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How to Connect With Any CEO, Celebrity or Author

Connecting with a major CEO, Celebrity, Author, Investor, Entrepreneur, etc. can be a daunting task if you aren’t armed with the tools and mindset that you need.

Before I tell you HOW to do it, you need to understand the WHY and mentality of these typically hard to reach people.

I was recently involved in a business where we had to reach high-level executives on a regular basis. The businesses success or failure literally depended on it. In this business, there were different opinions on how to reach these high-level people. We tried many methods ranging from- constant aggressive bombardment and harassment to more carefully planned out “pitches” to get what we wanted. I’m going to share with you what I have learned.

Stop harassing them, it lowers your value.

Sometimes consistency can be a tactic, but harassment is not. It turns me off completely when someone goes from consistent follow up to harassment. It also lowers your value a lot because you look desperate. A person with many options isn’t going to endlessly invest time and harass you to get a response because they have other options. If someone doesn’t respond to me after reasonable attempt, I almost always stop or take a completely different approach with a solid pitch.

You must have a pitch.

Bombarding someone without an approach is a losing strategy. You need a well thought-out pitch to get a result. If you haven’t even thought about what your pitch is, chances are it’s not going to be effective.

In the company I was recently involved that required reaching the high-level executives for everyone to get paid, I started to learn the ins and outs of what it actually took to get a favorable response.

I see people on Twitter all the time trying to reach someone like Mark Cuban (@mcuban) they send messages directly to him such as “I have a great idea for you @mcuban” or “Answer me, damn it!”

How do you think those did? If you guessed not too well, you were right. This is not a pitch, this is just bombing someone and trying to get an emotional response. Secondly, there are hundreds, maybe thousands of people trying to get ahold of him every day. Your pitch, or lack thereof, is not going to work especially in a sea of spam.

The next problem is that your “pitch” doesn’t have any meat on the bones. Unless you are also famous and succsesful, chances are he’s not going to see any value in your pitch. You haven’t done anything other than send a very poorly written, not so intriguing message. You need credibility to back up intrigue. Even repeatedly blasting them with this spam doesn’t do anything other than annoy them. Make sure your pitch is good.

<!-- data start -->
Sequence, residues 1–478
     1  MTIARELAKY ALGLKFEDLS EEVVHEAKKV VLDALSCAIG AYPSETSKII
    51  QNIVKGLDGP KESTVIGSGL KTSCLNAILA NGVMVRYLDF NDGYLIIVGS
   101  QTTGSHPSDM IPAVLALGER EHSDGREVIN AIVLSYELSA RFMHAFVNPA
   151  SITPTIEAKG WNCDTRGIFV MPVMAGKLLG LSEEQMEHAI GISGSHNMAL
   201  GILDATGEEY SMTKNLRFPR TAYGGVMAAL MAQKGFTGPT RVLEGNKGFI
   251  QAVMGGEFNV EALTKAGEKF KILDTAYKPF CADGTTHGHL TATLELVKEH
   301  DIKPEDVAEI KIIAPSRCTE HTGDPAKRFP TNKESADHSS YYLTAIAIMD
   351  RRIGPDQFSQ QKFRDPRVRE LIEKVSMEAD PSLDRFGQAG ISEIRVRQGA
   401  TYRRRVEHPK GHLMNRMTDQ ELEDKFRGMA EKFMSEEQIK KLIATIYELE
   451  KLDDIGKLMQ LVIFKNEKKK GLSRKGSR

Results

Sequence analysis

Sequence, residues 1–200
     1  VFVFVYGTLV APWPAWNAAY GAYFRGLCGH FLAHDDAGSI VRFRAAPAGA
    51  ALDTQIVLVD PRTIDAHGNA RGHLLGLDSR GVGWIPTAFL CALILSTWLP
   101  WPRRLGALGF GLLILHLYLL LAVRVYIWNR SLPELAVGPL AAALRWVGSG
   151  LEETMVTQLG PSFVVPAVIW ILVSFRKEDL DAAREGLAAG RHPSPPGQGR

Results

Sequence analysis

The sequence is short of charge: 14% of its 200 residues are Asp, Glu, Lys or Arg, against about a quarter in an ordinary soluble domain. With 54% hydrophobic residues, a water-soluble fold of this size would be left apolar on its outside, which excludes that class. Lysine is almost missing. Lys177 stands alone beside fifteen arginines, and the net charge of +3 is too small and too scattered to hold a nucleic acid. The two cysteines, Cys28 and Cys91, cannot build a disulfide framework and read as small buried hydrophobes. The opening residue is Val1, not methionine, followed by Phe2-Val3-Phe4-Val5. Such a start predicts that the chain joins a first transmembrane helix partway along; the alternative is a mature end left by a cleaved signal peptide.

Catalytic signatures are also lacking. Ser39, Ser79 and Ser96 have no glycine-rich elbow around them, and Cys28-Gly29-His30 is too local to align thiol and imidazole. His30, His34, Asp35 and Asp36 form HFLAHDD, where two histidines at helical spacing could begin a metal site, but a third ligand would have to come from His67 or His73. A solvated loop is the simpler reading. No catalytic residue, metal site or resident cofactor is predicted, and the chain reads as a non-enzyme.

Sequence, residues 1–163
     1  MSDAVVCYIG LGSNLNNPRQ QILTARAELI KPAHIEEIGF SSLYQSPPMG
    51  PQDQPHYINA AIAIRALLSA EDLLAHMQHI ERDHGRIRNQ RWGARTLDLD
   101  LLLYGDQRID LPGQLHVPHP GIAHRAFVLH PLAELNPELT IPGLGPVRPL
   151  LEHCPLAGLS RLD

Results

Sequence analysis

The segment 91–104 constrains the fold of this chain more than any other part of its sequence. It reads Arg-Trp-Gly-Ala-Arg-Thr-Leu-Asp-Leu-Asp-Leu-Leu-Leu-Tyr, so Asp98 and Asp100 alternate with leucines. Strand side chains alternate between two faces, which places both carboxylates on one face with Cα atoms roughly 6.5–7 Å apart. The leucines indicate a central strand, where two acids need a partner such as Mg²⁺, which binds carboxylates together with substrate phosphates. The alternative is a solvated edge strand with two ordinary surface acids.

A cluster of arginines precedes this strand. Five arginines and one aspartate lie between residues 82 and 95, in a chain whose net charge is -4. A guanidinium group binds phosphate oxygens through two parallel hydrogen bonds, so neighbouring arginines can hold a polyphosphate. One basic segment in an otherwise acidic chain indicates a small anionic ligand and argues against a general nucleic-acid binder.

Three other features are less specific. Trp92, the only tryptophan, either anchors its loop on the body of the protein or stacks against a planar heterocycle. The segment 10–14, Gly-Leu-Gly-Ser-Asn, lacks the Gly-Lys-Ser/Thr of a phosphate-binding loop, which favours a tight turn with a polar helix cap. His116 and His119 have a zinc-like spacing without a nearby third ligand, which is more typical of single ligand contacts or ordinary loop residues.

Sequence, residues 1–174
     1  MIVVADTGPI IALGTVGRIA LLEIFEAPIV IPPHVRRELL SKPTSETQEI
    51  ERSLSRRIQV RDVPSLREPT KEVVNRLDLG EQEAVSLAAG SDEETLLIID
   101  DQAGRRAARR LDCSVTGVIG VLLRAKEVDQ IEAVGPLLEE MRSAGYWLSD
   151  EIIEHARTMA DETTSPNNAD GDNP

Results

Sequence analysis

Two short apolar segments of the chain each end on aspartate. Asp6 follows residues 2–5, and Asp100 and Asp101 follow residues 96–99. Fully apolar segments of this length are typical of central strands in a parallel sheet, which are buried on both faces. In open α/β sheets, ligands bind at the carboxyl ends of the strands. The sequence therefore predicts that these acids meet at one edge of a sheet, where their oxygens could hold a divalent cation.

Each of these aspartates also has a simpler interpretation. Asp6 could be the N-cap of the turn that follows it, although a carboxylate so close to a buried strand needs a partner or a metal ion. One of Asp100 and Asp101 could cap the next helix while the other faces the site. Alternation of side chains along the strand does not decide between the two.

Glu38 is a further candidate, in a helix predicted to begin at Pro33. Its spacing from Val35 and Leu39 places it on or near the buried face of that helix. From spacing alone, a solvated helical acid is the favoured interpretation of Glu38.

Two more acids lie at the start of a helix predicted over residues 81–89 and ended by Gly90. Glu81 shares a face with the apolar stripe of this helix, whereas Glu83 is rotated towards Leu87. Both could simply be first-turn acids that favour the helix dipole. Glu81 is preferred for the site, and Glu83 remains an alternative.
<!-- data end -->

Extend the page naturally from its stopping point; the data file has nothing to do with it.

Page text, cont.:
A good pitch is juicy and leaves you wanting more. You have to believe really in what you are pitching, love it, and have the credibility to back it up. If you are asking for money and don’t have a track record with this or another business, then it’s going to be that much more difficult.

Take Shark Tank for example, the hit show that Mark Cuban is on. When someone comes in and asks for tons of money, with no sales, and no idea what they are doing they are pretty much dead in the water. While I understand that not everyone can have sales on a newer company, you should at least have a really solid pitch as to how and why you are going to make it a success.

Introductions are crucial.

Perhaps the most important thing that I have learned is that an introduction almost always works better than a cold call/email. You have to keep in mind that if this person is extremely successful then there are tons of others also trying to reach out on a daily basis. They are probably not even going to look at your email. But, if it comes from a trusted ally, friend or colleague, then they will not only open the email but in fact be way more likely to respond. That’s because that if this friend, colleague or ally is of any value to them, they know they wouldn’t refer someone with a poor, irrelevant pitch.